• In considering the principles underpinning corporate attribution, it is the ALRC’s view that it is essential that corporations be culpable before they are criminally responsible. Pure vicarious liability on the basis of conduct of certain individuals is insufficient.

  • Where fault is being attributed from an individual, a corporation should be afforded a defence to prove a lack of culpability, by proving (on the balance of probabilities) that the corporation is not blameworthy (i.e. that it took reasonable steps to prevent the conduct).
  • Given corporate criminality only attaches to conduct which is engaged in by individuals acting on behalf of a corporation, if the corporation wants to assert that it should not be responsible for the actions of those humans, then it is appropriate for the burden of proof should rest on the corporation.

The prosecution must still prove, beyond reasonable doubt, that the person acted for or on behalf of the corporation. 

  • Corporations should have an overarching duty to exercise due diligence to prevent criminal activity being carried out in the course of their business activities, by their associates.
    • This does not mean that a corporation is responsible for the associate’s personal conduct, or that a corporation is prima facie guilty if any criminality occurs in the course of business. Rather, it the ALRC’s view that a corporation should take reasonable steps to ensure that their business is conducted in accordance with law.

  • Ordinarily, under the criminal law it is not appropriate to impose a legal burden upon a defendant. However, corporations are not humans. The same concerns which give rise to necessary criminal law protections for humans do not exist for corporations.
    • A corporation does not require the same protections as an individual (due primarily to its inability to be incarcerated and access to greater resources than an individual).
    • The very nature of corporations is such that it would be almost impossible for a prosecutor to find and bring evidence of the due diligence of a company.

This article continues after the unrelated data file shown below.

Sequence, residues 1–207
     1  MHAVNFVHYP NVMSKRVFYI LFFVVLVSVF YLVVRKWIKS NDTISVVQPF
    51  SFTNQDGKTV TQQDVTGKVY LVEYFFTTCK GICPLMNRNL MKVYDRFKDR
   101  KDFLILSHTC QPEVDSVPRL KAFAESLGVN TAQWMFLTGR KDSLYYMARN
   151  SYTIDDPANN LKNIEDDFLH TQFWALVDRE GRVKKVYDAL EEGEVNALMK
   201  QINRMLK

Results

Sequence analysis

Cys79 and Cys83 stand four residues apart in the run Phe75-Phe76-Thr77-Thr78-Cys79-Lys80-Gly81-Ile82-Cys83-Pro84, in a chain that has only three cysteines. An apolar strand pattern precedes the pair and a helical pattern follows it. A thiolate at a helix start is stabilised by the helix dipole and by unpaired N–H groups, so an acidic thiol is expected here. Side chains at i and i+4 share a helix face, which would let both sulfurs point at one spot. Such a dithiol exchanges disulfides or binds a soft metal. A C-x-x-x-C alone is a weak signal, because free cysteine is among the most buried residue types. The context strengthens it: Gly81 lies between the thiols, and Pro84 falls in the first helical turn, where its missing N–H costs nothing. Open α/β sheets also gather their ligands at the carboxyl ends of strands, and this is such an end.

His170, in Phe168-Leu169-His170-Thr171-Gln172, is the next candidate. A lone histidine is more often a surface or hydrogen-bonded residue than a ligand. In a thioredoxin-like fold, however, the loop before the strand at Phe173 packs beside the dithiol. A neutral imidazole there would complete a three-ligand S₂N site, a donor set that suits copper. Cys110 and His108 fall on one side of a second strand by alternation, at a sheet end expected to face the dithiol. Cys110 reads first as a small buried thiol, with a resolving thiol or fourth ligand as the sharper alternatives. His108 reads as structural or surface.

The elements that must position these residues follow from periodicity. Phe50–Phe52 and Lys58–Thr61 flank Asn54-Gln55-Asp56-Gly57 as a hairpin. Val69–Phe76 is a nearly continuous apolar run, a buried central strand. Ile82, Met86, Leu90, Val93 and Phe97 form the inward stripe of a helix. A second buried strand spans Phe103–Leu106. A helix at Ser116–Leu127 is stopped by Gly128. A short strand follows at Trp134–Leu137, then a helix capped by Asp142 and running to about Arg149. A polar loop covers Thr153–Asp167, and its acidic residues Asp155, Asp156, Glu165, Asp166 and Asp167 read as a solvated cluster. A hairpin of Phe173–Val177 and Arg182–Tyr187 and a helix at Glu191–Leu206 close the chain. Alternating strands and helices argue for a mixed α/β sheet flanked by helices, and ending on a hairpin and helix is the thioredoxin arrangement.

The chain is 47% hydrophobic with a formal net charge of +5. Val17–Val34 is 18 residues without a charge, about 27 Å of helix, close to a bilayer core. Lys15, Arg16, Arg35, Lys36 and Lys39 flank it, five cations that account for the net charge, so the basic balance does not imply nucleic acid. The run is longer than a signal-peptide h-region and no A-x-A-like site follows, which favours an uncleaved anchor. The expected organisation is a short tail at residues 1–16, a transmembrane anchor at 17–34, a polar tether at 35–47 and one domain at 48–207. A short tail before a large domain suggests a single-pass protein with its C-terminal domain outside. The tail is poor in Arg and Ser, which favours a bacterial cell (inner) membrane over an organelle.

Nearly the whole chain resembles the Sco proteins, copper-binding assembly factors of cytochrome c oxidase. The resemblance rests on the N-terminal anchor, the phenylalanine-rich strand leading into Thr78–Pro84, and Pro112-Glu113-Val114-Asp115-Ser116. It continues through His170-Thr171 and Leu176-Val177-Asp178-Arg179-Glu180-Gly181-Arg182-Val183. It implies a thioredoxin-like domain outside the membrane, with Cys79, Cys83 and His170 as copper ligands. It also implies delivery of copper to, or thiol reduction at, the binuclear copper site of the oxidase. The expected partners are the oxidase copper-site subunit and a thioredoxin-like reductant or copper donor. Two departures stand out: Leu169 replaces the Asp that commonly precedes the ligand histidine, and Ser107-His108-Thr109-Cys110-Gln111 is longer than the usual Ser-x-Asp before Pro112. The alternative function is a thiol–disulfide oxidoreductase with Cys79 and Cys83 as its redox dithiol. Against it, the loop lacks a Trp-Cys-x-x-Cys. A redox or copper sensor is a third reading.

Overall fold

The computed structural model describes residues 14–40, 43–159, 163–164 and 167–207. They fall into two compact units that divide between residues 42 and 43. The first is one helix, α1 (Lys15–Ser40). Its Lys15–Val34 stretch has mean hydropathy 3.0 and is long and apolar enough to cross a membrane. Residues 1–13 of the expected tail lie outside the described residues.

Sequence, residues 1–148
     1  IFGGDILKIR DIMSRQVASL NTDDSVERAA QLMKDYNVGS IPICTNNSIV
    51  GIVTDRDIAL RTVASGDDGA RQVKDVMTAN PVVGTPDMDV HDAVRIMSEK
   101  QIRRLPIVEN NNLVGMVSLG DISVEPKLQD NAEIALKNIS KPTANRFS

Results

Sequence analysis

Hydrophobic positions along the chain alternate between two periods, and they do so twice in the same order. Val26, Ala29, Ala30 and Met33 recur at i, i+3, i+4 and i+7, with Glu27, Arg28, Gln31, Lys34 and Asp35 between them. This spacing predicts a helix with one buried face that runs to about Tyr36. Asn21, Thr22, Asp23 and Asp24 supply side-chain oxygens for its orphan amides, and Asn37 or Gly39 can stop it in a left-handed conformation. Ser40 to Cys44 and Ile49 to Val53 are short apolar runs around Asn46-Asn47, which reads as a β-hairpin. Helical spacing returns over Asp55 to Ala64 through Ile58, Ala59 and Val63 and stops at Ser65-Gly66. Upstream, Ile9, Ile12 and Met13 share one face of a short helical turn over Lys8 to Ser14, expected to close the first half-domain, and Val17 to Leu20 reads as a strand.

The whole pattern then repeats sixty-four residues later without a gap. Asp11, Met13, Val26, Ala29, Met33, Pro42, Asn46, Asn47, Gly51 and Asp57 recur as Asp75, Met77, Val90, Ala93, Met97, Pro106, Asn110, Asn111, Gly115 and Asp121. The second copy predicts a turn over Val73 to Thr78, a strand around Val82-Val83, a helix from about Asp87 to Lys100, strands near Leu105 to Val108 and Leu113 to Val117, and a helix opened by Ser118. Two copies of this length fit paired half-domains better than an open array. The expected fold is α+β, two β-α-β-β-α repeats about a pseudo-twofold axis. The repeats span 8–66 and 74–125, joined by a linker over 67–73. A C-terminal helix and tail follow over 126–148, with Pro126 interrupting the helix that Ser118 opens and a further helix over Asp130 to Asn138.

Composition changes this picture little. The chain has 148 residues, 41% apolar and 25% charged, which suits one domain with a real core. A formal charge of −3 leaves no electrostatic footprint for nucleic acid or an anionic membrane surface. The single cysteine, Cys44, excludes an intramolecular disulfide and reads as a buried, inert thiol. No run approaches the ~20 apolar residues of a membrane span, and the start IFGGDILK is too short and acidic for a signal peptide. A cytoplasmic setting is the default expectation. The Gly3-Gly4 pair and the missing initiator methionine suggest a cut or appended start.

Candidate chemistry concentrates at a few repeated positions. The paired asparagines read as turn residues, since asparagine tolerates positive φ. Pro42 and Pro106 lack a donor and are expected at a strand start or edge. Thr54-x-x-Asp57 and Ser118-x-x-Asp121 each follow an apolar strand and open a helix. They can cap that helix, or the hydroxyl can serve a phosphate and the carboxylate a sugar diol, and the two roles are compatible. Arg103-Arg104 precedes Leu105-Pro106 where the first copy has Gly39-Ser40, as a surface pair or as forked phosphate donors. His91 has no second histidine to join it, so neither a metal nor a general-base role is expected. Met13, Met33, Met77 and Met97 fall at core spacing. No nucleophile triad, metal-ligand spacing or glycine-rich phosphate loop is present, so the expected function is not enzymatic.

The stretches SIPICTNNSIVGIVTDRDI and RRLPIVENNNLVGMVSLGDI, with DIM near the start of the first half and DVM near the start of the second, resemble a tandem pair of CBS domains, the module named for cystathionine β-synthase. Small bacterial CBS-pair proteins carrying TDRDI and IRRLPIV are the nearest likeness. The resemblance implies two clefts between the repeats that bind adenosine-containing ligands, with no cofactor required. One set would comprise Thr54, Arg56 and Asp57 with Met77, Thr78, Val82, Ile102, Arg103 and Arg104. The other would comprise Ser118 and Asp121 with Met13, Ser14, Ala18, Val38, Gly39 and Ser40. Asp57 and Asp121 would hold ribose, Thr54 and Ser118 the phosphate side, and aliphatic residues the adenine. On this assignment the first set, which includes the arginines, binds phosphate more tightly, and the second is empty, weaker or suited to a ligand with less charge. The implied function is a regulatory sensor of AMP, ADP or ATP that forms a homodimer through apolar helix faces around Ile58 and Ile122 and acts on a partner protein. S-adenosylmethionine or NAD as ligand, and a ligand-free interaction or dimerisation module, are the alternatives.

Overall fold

• Importantly, the due diligence defence provides protection to corporations from the actions of rogue ‘bad apples’. The legal consequences should be very different for a corporation where a rogue call centre operator breaching both company procedures and the law to maximise their sales commission, and a situation where call centre operators are encouraged to maximise sales in breach of the law and where there is no internal sanction for sales completed in breach of the law.[2]

A principled simplification

  • As the TPA Model applies to 88% of the legislation reviewed, a proposal to replace the TPA Model with Part 2.5 of the Criminal Code, would result in a significant narrowing of the attribution of the criminal law to corporations.
  • To date, the ALRC has received no evidence to suggest this would be appropriate. There is no suggestion of a proliferation of successful prosecutions of companies under the TPA Model. To the contrary, it would appear that the public perception of corporate crime (and the evidence presented at the Royal Commission) far outweighs the number of prosecutions of corporations.

The ALRC invites submissions on all of the proposals made in the Discussion Paper, including the appropriateness or otherwise of the proposed attribution method, and encourages submissions that include a suggested attribution method.


[1]  As a consequence the ALRC is also not in favour of specific failure to prevent offence at this stage.

[2] See the Freedom Insurance Case Study cited in When Should Officers be Liable for Corporate Crime?(ALRC paper, 19/11/2019).